Female Friendships in Your 20s: Why You Need to Stop Being So Hard on Yourself


Something happens to our friendships when we leave school.

One day you’re with your “nineteen best friends” making plans for the future, vowing to be each other’s bridesmaids and promising to never spill each other’s secrets, and the next thing you know four years have passed, you’ve lost contact with half of those people and can’t even remember what teenage secrets were juicy enough to bother keeping in the first place.

You might think I just painted a rather savage picture, and yes there are the exceptions to the rule, but the rule is that we graduate from high school, move to new homes and new cities, start university or venture overseas and that original circle of girlfriends starts to look a lot less like a circle. Four years later and those nineteen BFFs have slowly whittled down to maybe six or eight young women who have realised that expectations are a lot higher in your twenties – including the ones we have for our friendships.

You’re at university, first semester comes and goes and eleven weeks have passed since you had a face-to-face conversation with an old friend. Or you find yourself settling into a new job using all of your energy to nurture new work-colleague relationships that will be crucial to surviving this fresh hell, and the remainder of your energy is spent on burgeoning romances or the temperamental relationship with your parents who you’ve moved back in with in an attempt to undo the financial damage of two years spent eating and drinking your way around Europe.

It’s understandable and it makes a lot sense, but as women we are so damn good at beating ourselves up about it. Convincing ourselves that if we had only tried harder, done more, then it wouldn’t have happened. And that is crap. You can’t be all things to all people. You can’t be a Carrie to everyone – or even a Samantha. You can’t be a Monica Geller or a Marnie Michaels to nineteen people in your twenties. And those six or eight young women who are still in your life, that never left your back pocket, are the same young women who have carried you through devastating breakups, deaths of family members, an unpredictable job market and all the other pressures associated with your newly found ‘adult status’. They are your In Case Of Emergency.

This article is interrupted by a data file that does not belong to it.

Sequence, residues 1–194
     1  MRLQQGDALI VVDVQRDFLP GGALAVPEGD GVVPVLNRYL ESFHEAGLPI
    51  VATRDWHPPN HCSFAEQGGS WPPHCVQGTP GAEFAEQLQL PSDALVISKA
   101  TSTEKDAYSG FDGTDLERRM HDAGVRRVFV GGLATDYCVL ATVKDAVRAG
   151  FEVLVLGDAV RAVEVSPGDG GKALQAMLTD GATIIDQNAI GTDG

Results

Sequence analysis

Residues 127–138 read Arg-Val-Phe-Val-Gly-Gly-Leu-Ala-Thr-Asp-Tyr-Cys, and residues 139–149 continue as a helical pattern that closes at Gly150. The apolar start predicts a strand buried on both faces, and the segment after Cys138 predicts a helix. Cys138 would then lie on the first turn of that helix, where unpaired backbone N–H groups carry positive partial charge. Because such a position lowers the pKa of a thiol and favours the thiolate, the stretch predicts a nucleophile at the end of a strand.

They might be a friend you made in the last year when you bonded over a shared experience or they might be one of the original nineteen who cried with you as you marched out of the school hall one last time. They might live right around the corner or they might live in another country but when you catch up over dinner it’s as if no time has passed. They can still read your mind and know you better than your parents do.

My friend and I were discussing this idea the other night and we found a rather blunt way of summing it up: If your mum or dad were to die tomorrow, who would turn up at your house unannounced? Who would jump in their car or on the next flight to be there immediately, no questions asked?

If you are lucky enough to have a few names come to mind, be grateful for those people. Nurture those friendships and nurture them hard. Be vocal about your gratitude for them.

Because often when you figure out who your In Case Of Emergency girlfriends are, is usually around the same time Life will throw you something that makes you need them.

Header image by Holly Burgess for The Twenties Club